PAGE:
Chamishoh Mi Yo'dei'a

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by Zvi Akiva Fleisher

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1) Ch. 32, v. 1: "Ha'azinu hashomayim va'adabeira, v'sishma ho'oretz imrei fi" - We find in the prophet Yeshayohu 1:2 "Shimu shomayim v'ha'azini eretz" Why are the terms "ha'azonoh" and "shmia" switched?

2) Ch. 32, v. 1: "Haazinu hashomayim vaada'beiroh v'sishma ho'oretz" - Heavens, hearken and I will speak and the earth will hear - Why is the remark to the heavens addressed in second person form while to the earth in third person?

3) Ch. 32, v. 2: "Yaarofe kamottor likchi" - Targum Onkeles says "Y'va'seim k'mitro ulponi," - may My teaching be sweet as rain. Similarly, Targum Onkeles says on "Va'yim't'ku hamayim" (Shmos 24:7), "uvsimu mayoh," - and the water was sweetened. How does Targum Onkeles derive the translation "sweet" from the word "yaarofe?"

4) Ch. 32, v. 3: "Ki sheim Hashem ekro hovu godel lEilokeinu" - When I will call in the name of Hashem respond with grandeur to our G-d - The gemara Brochos 21a derives from these words that before one embarks upon learning Torah he must make a blessing. Since much Torah was taught to the bnei Yisroel before parshas Haazinu, why was this most important piece of information not taught earlier?

5) Ch. 32, v. 18: "Tzur y'lodcho teshi" - The Psikta and the Yalkut Shimoni on this verse say that when the bnei Yisroel fulfill Hashem's mitzvos they "kavyochol" add vigour to Hashem, as indicated in the words of the verse "V'atoh yigdal noh ko'ach Hashem" (Bmidbar 14:17). When they ch"v sin, they "kavyochol" weaken Hashem, as indicated by the words of our verse. See how far reaching are the actions of a human being. (Shal"oh Hakodosh)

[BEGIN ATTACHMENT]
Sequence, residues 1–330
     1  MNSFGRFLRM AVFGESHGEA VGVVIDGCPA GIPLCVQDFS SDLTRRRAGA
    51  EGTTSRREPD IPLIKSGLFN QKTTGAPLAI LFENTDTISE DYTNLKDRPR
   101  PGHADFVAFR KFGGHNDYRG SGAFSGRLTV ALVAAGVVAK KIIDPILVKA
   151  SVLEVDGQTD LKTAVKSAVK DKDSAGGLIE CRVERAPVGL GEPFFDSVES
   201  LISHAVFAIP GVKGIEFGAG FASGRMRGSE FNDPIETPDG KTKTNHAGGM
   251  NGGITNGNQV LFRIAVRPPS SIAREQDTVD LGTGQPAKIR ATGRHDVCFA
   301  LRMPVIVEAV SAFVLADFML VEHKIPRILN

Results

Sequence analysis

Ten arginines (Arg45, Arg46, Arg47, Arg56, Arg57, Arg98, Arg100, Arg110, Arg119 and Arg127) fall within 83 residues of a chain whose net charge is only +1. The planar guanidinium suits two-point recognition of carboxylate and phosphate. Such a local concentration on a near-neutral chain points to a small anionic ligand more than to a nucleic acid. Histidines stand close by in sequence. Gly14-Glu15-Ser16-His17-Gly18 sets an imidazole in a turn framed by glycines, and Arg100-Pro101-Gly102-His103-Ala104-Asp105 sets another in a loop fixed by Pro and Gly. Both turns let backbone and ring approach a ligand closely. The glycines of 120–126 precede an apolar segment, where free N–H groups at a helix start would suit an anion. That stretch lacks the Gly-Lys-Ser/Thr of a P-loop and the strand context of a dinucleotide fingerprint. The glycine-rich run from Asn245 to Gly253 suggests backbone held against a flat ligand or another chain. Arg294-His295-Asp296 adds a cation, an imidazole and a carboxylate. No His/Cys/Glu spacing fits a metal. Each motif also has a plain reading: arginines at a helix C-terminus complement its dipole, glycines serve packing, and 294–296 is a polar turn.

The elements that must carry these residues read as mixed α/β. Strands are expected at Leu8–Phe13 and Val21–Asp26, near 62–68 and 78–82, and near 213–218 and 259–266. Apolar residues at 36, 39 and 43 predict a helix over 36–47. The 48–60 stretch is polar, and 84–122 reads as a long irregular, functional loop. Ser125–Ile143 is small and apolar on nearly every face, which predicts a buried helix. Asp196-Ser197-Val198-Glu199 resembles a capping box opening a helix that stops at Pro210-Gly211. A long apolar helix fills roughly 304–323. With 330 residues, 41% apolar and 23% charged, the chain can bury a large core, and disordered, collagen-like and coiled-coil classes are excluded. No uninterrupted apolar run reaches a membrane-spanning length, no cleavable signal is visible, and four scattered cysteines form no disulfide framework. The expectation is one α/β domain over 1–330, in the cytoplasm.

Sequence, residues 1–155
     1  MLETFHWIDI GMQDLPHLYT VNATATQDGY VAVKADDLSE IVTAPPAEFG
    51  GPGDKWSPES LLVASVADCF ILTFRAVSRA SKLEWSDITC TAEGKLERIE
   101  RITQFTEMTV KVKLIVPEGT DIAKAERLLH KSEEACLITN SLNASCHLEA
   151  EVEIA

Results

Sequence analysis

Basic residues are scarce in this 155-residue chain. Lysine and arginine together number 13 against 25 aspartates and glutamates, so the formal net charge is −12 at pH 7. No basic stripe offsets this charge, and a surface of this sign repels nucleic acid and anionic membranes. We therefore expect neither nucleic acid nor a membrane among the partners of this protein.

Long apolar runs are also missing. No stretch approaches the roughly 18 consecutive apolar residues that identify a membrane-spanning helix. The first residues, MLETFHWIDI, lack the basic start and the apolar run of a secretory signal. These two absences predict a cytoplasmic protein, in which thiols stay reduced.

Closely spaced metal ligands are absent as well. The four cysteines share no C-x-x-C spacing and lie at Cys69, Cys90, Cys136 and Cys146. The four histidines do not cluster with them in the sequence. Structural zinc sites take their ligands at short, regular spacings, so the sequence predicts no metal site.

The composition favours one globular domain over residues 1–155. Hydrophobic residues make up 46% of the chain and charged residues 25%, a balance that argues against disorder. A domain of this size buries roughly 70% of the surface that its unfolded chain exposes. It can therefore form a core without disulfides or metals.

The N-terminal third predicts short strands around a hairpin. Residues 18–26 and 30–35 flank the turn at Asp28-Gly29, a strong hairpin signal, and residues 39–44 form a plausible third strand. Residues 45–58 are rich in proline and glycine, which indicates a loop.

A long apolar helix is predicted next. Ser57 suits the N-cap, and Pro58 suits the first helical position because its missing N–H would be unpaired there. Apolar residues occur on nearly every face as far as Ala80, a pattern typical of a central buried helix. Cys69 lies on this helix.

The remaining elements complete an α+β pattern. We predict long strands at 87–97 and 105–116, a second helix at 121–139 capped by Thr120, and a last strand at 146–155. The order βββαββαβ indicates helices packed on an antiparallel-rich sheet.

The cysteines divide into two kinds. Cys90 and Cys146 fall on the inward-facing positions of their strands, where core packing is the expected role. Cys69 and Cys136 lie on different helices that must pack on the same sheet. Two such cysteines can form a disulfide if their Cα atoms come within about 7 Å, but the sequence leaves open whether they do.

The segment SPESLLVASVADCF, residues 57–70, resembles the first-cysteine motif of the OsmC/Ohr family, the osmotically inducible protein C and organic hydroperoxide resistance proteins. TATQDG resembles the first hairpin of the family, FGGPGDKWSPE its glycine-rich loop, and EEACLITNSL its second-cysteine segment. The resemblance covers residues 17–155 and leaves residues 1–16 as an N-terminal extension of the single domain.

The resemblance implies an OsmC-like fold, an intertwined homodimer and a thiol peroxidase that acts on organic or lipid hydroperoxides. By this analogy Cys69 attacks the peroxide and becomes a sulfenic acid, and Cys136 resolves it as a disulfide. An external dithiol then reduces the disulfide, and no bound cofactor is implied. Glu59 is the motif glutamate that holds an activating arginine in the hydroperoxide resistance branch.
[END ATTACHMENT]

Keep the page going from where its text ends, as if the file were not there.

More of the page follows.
How is this to be understood? How can a person's actions impact upon HaKodosh Boruch Hu?



The Sifri answers that the term "ha'azonoh" is used when the listener is nearby. The term "shmia" is used when the hearing is from a distance. Moshe was so spiritual that he was considered close to the heavens. Therefore, he said "ha'azinu" to the heavens as they were right nearby, and to the earth, which is considered distant from him, the term "shmia" is used. The prophet Yeshayohu however, not being as spiritual as Moshe, considered the heavens distant and the earth nearby, so he switched the terms.


The gemara Sanhedrin 23a states that the idealistic elevated people of Yerusholayim would not sign a document unless they personally knew who would be signing along with them. We may say that the heavens, aware that they would not be the only witnesses to Moshe's farewell testament had to be advised who else would bear witness. Thus Moshe directed his words to the heavens, second person, and advised that the earth, third person, would be the other witness. (Yalkut Ho'urim)

Alternatively, we can say that the heavens represent the great, learned leaders of the nation, while the earth represents the common masses. Once the heavens would directly hear Moshe's words of admonition, the information would be passed on to the rank and file. (Shaa'rei Simchoh)